Strangles is one of the most common diseases in horses in the UK — and there is a huge amount of stigma surrounding it.
What is strangles in horses?
“It’s an infection of the upper respiratory tract caused by the bacteria Streptococcus equi,” explains equine internal medicine specialist Philip Ivens MRCVS. “All equine types and ages can be affected, although youngsters tend to develop more severe signs.”
What are the signs?
“Classical strangles is characterised by a fever [above 38.5°C] accompanied by depression, loss of appetite and a thick, yellow mucus draining from both nostrils. Hot, painful abscesses may later develop on the sides of the head and throat, which burst and discharge pus. The horse may display signs of a sore throat, such as difficulty eating or extending his head.
“Atypical strangles is becoming more common, especially in healthy adult horses. Signs include a mild, short-term fever, sometimes accompanied by a brief loss of appetite, and a clear nasal discharge.
“These signs may be seen with other diseases, not just strangles. Immediate isolation and veterinary attention is essential.”
Can it kill?
“Strangles is rarely fatal, but can cause eating and breathing difficulties if the abscesses push on to the airway. Possible but rare complications include bastard [metastatic] strangles, where abscesses form elsewhere in the body, and the immune system disorder purpura haemorrhagica.”
How is it spread?
“Bacteria shed in an infected horse’s nasal discharge or abscesses can pass directly to a non-infected horse. Indirect infection occurs when bacteria are transferred on an object [a ‘fomite’], such as people’s hands or clothing, or tack and yard equipment. Ask your vet about necessary biosecurity measures.
“The incubation period is up to 14 days, but abscesses can take up to a week to appear after that. Sufferers can shed bacteria for up to six weeks after recovery and will pose a threat to other horses.”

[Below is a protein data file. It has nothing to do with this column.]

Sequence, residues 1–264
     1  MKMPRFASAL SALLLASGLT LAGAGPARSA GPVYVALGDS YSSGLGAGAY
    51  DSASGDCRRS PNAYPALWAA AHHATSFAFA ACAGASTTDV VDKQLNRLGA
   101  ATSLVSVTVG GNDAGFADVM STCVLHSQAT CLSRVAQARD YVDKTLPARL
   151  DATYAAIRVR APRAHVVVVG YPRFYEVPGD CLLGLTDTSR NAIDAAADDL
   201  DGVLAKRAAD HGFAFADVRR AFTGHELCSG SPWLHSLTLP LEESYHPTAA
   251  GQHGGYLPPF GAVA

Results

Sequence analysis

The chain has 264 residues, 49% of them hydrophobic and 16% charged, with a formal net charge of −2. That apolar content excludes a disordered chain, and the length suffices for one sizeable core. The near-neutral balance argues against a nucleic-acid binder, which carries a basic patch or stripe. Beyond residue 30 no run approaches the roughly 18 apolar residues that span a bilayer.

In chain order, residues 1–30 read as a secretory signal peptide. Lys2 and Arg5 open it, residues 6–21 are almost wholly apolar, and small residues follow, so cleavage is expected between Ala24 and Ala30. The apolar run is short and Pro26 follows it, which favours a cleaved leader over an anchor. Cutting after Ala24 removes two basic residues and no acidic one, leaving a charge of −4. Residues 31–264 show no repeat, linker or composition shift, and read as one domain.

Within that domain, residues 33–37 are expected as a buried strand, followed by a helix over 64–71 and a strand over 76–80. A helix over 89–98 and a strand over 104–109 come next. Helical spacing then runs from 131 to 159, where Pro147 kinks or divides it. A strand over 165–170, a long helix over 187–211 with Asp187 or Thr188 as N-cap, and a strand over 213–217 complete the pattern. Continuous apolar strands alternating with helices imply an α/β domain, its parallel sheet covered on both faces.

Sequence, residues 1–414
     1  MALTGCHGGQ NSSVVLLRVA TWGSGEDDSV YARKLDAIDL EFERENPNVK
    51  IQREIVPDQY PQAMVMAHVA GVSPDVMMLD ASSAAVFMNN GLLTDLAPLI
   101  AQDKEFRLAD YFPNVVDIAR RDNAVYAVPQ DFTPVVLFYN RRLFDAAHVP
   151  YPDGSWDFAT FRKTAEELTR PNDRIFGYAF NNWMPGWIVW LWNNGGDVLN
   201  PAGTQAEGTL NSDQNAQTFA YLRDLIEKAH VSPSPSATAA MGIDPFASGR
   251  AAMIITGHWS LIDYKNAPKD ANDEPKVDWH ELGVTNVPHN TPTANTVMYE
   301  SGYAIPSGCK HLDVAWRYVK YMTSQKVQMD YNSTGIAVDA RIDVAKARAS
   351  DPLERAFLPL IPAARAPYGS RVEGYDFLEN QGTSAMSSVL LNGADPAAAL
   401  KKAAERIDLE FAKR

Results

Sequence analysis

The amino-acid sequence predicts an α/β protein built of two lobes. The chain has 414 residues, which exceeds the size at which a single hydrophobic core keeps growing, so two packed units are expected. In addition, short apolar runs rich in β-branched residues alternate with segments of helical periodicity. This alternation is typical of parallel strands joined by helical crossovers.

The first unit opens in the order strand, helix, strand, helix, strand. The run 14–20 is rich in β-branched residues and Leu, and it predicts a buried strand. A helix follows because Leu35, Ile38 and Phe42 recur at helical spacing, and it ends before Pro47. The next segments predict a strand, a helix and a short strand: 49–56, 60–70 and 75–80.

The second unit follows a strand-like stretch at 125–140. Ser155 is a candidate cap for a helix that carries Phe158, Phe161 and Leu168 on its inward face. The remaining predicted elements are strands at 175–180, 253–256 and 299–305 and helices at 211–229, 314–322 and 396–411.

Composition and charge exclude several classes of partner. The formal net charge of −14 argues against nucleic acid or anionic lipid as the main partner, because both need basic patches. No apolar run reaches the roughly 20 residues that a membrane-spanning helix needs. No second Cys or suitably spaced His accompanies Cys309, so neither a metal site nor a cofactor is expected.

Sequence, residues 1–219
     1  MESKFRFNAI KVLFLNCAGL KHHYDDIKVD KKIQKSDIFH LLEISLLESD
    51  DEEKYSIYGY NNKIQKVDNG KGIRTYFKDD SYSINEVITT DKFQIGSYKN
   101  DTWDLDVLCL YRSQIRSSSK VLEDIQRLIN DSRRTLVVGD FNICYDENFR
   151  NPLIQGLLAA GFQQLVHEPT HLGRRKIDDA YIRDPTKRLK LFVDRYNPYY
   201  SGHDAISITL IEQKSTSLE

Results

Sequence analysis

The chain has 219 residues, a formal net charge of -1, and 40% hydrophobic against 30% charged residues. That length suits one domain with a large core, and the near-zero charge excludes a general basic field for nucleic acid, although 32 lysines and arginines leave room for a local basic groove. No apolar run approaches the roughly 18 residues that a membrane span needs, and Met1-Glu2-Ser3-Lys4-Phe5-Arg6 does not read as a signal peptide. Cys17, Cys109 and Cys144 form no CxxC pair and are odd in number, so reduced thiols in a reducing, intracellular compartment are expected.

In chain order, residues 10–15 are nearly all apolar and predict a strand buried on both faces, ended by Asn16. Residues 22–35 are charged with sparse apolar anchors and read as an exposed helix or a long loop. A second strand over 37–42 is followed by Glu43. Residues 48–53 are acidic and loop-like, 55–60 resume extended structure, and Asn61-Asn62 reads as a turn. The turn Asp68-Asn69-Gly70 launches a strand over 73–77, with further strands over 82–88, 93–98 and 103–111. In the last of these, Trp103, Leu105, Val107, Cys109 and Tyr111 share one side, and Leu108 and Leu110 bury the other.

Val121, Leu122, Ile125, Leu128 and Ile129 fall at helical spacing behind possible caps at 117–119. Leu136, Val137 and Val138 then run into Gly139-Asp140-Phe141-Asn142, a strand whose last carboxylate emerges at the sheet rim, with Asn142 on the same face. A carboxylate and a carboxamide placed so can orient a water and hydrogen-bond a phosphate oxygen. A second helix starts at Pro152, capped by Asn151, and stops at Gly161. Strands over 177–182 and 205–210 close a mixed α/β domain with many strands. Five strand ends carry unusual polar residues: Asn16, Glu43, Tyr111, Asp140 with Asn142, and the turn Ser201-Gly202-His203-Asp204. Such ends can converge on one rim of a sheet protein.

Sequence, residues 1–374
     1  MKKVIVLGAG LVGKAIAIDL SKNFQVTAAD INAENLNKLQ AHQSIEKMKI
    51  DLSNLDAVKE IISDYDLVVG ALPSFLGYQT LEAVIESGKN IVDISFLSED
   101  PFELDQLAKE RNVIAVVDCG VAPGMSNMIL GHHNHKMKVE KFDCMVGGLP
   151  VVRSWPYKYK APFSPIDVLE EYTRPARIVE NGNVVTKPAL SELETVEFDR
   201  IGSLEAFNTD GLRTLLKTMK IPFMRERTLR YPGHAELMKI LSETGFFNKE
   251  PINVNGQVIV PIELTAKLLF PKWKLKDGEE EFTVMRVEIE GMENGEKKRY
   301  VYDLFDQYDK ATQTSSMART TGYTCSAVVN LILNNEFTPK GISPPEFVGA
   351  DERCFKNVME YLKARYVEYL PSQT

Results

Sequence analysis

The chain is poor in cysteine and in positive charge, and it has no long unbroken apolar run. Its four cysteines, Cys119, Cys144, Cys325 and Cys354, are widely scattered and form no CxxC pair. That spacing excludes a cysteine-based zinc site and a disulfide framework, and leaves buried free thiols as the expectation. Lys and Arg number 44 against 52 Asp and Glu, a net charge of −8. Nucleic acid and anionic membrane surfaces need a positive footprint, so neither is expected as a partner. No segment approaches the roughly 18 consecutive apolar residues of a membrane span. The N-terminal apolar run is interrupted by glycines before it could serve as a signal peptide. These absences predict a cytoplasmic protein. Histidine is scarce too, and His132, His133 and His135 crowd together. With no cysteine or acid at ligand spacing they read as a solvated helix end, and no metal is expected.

Is treatment necessary?
“The use of antibiotics to treat strangles remains controversial and is best addressed by your own vet on a case-by-case basis. Most cases just need nursing care, including rest and anti-inflammatories. Abscesses can be hot-packed to encourage them to burst, or your vet may lance them.”
What is a carrier?
“Around 10% of former strangles sufferers appear healthy, but carry bacteria within their guttural pouches. These silent ‘carriers’ can intermittently shed bacteria for months — or years — afterwards, posing a risk to other horses. Identifying them is key to stopping further outbreaks and preventing spread of disease.”
Does vaccination work?
“Vaccination can be valuable when combined with good hygiene and biosecurity protocols. After a primary course, boosters are given every three to six months depending on risk level. Protection is not 100%, but vaccinated horses are less likely to contract the disease in an outbreak and will be less severely affected if they do. If a vet deems vaccination appropriate, it will be more effective if given to the whole yard.”
Read our exclusive feature in which we followed a yard coping with an outbreak of strangles in Horse & Hound magazine (24 October 2013)